In June 1971, President Richard Nixon declared a “war on drugs.” This movement has been fundamentally flawed since the very inception of its name, and it has accumulated more human casualties than many wars against enemy nations. His actions were sparked by a steady increase in drug use and drug arrests through the 1960′s, and surely his purpose was to lessen the damage done to the people of our nation by drugs and drug-related violence, but unfortunately it has led to massive bloodshed and sustained international organized crime. Thus far, our government has spent trillions of dollars and the lives of tens of thousands of citizens on regulations and enforcement measures that have been at best ineffective and wasteful and at worst dangerous and counterproductive. As I have mentioned in my previous posts, the number of drug-related deaths has fairly steadily increased since the inception of the war on drugs.
There are several categories of drug-related deaths, but the two main categories are overdoses and drug-related violence. There are people killed by drug users, drug users killed by police, police killed by drug users/dealers, drug dealers killing each other in territorial disputes, drug-funded gangs killing each other, and that’s not even considering what’s happening outside U.S. borders. Counterintuitively, the war on drugs actually causes more drug-related deaths to occur. It seems that the harder our government tries and the more money they spend to enforce drug laws, the more people die. An extremely low estimate of drug related deaths in this country for 2007 is 15,223 (Richardson). As I said, this is an extremely low estimate, it even excludes the roughly 60% of overdose deaths caused by prescription drugs, even though most of them should qualify as illegal drug overdoses because the pills were almost certainly illegally obtained or taken other than as directed. About 6,487 (Richardson) of these deaths are caused by drug-related violence.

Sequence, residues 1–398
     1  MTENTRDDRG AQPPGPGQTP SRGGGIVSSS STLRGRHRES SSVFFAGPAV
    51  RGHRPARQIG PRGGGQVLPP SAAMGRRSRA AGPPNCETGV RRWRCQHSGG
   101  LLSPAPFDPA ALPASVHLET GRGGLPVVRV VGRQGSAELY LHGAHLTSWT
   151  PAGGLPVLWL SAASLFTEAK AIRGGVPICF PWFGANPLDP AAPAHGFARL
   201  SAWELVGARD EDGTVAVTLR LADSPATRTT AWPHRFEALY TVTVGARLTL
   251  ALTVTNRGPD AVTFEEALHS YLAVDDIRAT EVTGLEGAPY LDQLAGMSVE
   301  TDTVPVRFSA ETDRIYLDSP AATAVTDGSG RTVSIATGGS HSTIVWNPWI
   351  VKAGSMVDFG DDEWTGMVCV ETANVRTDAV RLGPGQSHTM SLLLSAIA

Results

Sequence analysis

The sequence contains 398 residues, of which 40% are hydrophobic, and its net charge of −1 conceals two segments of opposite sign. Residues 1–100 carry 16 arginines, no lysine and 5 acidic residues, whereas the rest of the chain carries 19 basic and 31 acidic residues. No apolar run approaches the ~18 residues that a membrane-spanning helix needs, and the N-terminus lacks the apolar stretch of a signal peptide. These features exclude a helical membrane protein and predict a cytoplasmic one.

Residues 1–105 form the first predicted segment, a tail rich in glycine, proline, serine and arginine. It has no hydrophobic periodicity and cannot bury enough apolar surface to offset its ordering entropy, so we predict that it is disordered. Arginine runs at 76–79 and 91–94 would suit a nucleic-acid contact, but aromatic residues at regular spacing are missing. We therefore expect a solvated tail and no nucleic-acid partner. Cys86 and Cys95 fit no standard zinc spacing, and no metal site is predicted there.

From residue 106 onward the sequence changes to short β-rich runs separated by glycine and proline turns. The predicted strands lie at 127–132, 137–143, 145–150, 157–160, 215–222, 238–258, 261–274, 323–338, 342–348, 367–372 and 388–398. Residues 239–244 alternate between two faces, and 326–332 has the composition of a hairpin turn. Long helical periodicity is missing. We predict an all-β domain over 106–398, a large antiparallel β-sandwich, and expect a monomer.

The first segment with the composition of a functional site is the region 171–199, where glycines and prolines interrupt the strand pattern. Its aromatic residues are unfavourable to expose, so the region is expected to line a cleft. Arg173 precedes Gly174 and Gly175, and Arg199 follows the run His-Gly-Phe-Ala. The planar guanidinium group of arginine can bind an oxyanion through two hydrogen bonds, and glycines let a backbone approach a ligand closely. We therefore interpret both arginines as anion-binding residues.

Most drug violence is rooted in and perpetuated by the war on drugs and the legislation on which it is based. Our government has regulated drugs through prohibition since the 1930’s, and it has not and will never work. Just as the failed experiment of alcohol prohibition created massive black-market enterprises and put money in the pockets of violent criminals, the war on drugs has only worsened and deepened the drug problem.
Another alarming aspect of the war on drugs is the billions of taxpayer dollars wasted on failing measures every year. Federal and state governments spend a combined $30.4 billion each year on incarcerating drug offenders, and that’s on top of the $21.9 billion spent on drug law enforcement. Even more tragic than these monetary figures is the tens of thousands of lives wasted in jail, and misguided law enforcement attempts that victimize innocent people. For example, Jose Guerena Ortiz, a US marine combat veteran, was fired upon 71 times in front of his wife and daughter by a SWAT team who broke down his door because he was “suspected of involvement in drug trafficking. Nothing illegal was found in his home, and to this day authorities have no evidence that Ortiz had ever been involved in the drug trade, yet none of the officers involved in his massacre have been charged or even disciplined. The war on drugs is successfully used as an excuse for such injustice by law enforcement every day.
“A Radical Solution to End the Drug War: Legalize everything” by John H. Richardson